The bad news SBS was never going to report – about itself.

When a news organisation discovers bad news about itself, the temptation is to junk its commitment to free and fearless reporting and bury the story. When the bad news is about how unhappy staff are with their bosses, the temptation is overwhelming. That’s what happened to SBS when it unwisely asked its staff what they thought about their managers – and the staff told them in no uncertain terms. … Read More

SBS’s lost decade – an accident or vandalism?

As SBS attempts to chart a new course after the 10-year reign of fashion designer Carla Zampatti as Chairman, we look back at what many critics say was not so much a series of bungles and missed opportunities but more a lost decade in the multicultural broadcaster’s once-illustrious history. How much was the wrong person in the wrong job and how much the result of a conscious policy of the Howard Government? … Read More

When humour is no laughing matter

Humour is a funny thing … and sometimes it’s not. Frequent high-profile blunders and controversial cases of misfired humour in the media have failed to remind us time-and-again how tricky humour – especially satire – can be. Now, ten years on from Channel Nine’s infamous “blackface incident”, have Australian broadcasters actually learned anything? … Read More

Who let the racist cats out of the bag?

Reactions to attacks on Indian students in Australia show how far our discussion on race has deteriorated, with ethnic lobby groups themselves among the guilty. Critics have long argued that while Australia is not a racist country there is a vein of racism running through society that must be constantly worked on. Has neglect let the racist cats out of the bag? … Read More

Can the ethnic lobby save Australia’s multicultural broadcaster?

The likely merger of the ABC and SBS was the elephant in the room during a senate estimates hearing in the Australian Federal Parliament. But is the threat of losing an independent multicultural broadcaster enough to galvanise renewed support from the ethnic lobby? In 1986 such a threat brought thousands onto the streets in protest but can ethnic leaders rally their supporters today? Or is it too little too late? … Read More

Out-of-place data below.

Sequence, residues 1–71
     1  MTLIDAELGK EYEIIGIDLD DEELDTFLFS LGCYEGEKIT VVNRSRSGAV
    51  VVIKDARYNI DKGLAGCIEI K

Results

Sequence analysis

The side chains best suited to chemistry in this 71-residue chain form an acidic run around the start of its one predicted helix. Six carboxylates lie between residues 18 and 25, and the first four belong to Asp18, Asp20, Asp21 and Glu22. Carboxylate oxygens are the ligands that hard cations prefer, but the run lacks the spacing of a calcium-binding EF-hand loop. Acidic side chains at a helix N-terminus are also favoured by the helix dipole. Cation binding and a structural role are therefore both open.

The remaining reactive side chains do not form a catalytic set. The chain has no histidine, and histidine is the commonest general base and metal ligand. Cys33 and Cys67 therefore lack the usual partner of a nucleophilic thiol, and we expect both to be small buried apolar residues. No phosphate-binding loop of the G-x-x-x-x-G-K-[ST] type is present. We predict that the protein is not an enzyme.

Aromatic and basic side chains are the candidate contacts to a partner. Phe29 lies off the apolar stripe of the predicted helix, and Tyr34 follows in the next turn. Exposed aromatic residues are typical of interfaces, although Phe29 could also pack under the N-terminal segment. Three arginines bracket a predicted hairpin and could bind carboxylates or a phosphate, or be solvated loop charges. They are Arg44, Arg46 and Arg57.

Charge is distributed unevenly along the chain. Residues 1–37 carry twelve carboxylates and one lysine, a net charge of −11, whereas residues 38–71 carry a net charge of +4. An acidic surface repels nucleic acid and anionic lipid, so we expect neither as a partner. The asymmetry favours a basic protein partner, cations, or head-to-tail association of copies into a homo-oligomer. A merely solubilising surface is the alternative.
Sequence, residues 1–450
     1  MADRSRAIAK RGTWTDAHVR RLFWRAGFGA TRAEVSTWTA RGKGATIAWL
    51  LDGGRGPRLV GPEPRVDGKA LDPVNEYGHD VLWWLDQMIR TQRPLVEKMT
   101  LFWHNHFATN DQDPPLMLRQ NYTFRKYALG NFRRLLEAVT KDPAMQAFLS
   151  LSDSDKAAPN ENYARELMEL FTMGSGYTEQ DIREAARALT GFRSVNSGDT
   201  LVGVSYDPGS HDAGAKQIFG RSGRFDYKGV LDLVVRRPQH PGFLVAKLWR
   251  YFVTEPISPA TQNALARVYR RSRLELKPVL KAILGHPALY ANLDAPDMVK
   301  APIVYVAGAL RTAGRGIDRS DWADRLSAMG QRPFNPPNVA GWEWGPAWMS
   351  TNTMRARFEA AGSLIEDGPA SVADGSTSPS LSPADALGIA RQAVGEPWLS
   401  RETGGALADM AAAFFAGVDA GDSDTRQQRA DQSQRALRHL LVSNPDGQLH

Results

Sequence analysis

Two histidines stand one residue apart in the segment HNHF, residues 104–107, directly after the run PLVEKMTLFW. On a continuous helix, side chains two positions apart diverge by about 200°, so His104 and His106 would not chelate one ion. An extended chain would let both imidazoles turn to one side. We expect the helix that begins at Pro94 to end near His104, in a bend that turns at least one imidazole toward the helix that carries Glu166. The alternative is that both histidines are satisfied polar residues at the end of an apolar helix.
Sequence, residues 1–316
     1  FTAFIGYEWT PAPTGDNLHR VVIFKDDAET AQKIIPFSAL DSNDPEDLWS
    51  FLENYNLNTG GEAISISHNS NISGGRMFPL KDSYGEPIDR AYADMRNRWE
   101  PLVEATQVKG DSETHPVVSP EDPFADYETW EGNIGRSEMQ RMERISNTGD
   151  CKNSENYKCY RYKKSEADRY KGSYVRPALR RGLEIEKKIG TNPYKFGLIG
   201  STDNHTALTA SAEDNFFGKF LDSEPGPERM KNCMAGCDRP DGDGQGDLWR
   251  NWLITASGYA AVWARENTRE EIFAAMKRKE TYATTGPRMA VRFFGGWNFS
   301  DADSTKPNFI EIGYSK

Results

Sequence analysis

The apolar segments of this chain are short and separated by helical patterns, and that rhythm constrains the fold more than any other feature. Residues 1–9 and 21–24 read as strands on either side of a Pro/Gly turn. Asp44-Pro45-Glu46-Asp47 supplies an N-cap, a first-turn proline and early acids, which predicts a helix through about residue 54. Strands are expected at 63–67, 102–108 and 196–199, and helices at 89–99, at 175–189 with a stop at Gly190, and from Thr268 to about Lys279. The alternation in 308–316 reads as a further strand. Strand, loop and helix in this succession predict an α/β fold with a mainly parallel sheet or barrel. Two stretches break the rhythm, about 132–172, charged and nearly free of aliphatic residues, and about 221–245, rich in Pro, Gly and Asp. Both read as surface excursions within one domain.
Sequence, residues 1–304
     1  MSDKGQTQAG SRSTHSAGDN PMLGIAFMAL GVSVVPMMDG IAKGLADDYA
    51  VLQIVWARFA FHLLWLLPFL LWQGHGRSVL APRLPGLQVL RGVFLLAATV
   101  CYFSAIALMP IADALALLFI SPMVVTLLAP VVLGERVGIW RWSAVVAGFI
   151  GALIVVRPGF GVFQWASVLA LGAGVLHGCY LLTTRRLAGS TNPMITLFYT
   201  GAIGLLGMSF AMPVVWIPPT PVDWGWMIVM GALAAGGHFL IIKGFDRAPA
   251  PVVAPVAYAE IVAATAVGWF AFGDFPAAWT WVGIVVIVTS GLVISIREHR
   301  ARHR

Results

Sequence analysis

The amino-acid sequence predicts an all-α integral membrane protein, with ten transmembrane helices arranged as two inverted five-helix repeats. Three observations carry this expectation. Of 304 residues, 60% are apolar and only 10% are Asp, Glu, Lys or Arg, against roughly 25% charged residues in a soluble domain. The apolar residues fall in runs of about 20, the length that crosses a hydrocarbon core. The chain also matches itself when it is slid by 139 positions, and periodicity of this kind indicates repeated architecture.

Women and war reporting

War was once almost wholly the domain of male journalists but increasingly women journalists and female crew are reporting from the front lines. So is it time more women got to tell the stories behind the bombs and bullets? And can the media improve the way women are portrayed in conflict zones? … Read More

Who will blink first?

Fiji’s military dictator and recently re-elected Prime Minister Frank Bainimarama wanted to be remembered as a man who implemented reform. But it is the very journalists he is now bullying who will be writing his legacy. Almost 10 years have now passed since this article was first published, but has anything really changed in the Pacific islands state? … Read More

Vultures or doves? When journalists can do harm in covering tragedy.

There is often a fine line in journalism between reporting tragedy and making it. Society’s seemingly insatiable emotional appetite to see, read and hear of fellow humans in trouble can lead reporters into thinking they’re just doing what the public wants when they intrude into the grief of victims and survivors. But how far can that justification really stretch? Tragedies like the Victorian Bushfires in 2009 brought out the best and the worst in the media. … Read More

Can journalism survive modern media warfare?

The management of the media by people who have power over information is not new, but is it getting more clever and insidious? The conflict in Gaza in early 2009 showed how difficult life can be for journalists reporting from the front line of conflicts. It’s not just a matter of dodging bullets and shells but trying to avoid the public relations spin too. Read More